The Art Institute began collecting Picasso’s art in the 1920s, when it bought two drawings. In 1926, it added The Old Guitarist, which Picasso painted in 1903-1904 and was the first painting acquired by an American institution and put on permanent view. The painting, on display here, is one of the most famous images from his Blue Period, which are austere and influenced by the death of his friend and fellow painter, Carlos Casagemas.
Picasso and Chicago provides a chronological overview of the artist’s work, life, and influences. On view are 250 paintings, prints, drawings, sculptures, and ceramics. It’s a comprehensive showcase of what the artist can do—the sheer breadth of media that Picasso excelled at is incredible. Since all the works come from Chicago, this can’t be a greatest hits show, but it is a strong survey of the artist’s career.
There’s The Old Guitarist, which appears right after the Daley Plaza sculpture, and other paintings, like the brightly colored The Red Armchair, and the huge, softly colored Mother and Child, which is displayed next to a fragment of a man that Picasso cut off the painting. There are lithographs, like the 1945 series Bull, which features 11 images of a bull and is basically a class in abstraction. It begins with a realistic depiction of a bull and each frame becomes progressively abstract, until only a simple outline remains. It’s a strikingly powerful work. Seeing this work helped me understand Picasso’s aesthetics and artistic process, how he translated what he saw into cubist paintings. There are also sculptures, drawings, pretty ceramics, and a series of animal etchings that he made to illustrate Buffon's Natural History.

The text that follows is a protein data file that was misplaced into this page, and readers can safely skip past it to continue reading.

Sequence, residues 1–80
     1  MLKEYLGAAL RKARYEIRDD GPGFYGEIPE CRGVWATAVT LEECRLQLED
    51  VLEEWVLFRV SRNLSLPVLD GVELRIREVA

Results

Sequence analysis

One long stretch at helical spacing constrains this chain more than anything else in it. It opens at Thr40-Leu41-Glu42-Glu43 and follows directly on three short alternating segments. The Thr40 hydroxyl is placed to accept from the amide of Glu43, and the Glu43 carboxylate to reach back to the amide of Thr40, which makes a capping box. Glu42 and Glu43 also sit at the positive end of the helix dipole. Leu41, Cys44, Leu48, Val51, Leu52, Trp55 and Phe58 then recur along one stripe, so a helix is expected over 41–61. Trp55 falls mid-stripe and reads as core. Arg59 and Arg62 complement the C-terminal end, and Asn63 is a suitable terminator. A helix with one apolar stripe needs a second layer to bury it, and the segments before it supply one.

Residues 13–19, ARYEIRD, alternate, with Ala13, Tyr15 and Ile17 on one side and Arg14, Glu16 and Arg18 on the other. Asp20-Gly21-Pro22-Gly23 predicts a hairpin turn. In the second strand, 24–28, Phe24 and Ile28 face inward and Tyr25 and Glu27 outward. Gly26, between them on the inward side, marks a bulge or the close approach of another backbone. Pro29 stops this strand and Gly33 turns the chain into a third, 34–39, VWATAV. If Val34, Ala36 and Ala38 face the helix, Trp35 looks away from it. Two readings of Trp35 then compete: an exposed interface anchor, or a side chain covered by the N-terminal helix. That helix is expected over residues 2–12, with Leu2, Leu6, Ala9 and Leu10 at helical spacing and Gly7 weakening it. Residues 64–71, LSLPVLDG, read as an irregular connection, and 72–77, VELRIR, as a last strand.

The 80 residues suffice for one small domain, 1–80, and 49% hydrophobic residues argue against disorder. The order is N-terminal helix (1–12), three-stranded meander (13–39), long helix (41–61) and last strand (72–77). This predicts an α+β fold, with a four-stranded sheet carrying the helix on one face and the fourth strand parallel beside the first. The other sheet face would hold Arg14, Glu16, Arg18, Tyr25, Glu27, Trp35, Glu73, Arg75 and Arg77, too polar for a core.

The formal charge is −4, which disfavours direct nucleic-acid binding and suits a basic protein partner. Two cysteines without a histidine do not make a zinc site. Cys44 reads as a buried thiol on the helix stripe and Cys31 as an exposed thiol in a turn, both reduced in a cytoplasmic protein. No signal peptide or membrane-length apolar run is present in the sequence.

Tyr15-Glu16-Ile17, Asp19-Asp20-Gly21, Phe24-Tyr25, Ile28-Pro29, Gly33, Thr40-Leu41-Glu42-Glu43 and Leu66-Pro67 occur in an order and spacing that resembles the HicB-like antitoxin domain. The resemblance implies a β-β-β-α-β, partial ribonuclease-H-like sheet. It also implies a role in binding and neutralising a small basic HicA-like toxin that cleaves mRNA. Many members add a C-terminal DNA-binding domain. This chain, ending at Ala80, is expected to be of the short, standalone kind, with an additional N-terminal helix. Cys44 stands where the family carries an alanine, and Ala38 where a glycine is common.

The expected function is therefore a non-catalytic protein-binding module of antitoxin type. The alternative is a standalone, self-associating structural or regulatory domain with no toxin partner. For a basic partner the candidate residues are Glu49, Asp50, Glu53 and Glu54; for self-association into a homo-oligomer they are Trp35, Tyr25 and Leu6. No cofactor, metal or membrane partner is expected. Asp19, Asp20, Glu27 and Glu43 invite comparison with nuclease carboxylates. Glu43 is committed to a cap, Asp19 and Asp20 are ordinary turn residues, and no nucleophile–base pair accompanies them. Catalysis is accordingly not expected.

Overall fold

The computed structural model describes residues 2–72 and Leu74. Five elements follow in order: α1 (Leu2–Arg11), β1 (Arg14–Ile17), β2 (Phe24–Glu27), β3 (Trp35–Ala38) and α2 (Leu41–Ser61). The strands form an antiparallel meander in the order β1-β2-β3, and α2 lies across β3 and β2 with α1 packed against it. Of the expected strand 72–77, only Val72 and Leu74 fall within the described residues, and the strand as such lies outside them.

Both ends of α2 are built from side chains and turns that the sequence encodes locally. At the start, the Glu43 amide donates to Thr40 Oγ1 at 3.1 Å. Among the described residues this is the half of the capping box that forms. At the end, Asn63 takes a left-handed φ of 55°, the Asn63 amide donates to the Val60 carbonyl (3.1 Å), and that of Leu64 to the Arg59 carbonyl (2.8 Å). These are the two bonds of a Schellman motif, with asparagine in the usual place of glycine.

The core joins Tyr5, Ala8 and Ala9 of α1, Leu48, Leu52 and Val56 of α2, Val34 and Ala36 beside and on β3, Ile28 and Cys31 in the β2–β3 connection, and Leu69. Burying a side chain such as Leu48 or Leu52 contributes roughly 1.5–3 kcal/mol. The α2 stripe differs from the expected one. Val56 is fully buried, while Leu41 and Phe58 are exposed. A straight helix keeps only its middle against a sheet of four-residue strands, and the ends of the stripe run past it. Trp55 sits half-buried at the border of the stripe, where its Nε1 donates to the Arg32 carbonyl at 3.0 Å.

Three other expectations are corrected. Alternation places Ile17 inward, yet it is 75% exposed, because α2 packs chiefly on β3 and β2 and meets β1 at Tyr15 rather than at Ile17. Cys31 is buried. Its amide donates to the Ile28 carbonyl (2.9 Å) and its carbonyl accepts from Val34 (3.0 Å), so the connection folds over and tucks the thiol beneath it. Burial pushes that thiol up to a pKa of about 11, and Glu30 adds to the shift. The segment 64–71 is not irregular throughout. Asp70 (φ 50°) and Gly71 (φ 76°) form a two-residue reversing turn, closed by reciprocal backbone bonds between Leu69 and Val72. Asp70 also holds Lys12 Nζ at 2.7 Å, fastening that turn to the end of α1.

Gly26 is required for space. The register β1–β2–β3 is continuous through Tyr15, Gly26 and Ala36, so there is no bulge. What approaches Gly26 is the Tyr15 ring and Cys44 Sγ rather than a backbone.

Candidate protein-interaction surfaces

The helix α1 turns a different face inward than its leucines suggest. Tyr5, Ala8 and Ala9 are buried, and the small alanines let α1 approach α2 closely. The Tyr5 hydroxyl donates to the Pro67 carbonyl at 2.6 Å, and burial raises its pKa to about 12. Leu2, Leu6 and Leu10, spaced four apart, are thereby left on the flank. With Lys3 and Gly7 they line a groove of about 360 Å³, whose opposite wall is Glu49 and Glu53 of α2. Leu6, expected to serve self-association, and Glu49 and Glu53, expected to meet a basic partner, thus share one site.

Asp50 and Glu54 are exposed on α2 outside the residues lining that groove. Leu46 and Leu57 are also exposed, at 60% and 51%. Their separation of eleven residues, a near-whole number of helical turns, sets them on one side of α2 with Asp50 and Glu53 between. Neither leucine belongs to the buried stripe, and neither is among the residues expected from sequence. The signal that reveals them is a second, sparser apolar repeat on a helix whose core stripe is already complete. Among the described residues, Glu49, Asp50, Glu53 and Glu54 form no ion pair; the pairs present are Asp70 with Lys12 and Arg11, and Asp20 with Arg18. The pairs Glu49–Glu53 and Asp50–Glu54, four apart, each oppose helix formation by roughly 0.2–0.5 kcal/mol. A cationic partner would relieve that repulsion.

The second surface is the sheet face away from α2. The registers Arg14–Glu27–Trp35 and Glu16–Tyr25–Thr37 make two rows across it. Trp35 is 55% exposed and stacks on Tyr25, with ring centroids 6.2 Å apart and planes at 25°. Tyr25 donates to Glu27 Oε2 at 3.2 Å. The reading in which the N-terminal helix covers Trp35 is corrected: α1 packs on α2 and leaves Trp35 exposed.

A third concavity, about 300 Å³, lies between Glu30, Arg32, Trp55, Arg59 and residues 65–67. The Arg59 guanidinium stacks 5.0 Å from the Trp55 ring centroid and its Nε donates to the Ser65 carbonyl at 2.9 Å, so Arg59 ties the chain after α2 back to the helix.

Along the way, you’ll learn more about Picasso’s love life than you thought possible—I couldn’t keep a running timeline in my head of when he was married to or involved with each woman. He was married twice, once to a Russian ballerina, and had many mistresses. They each had a significant influence on his work, and their photographs hang on the walls next to Picasso’s paintings or drawings of them.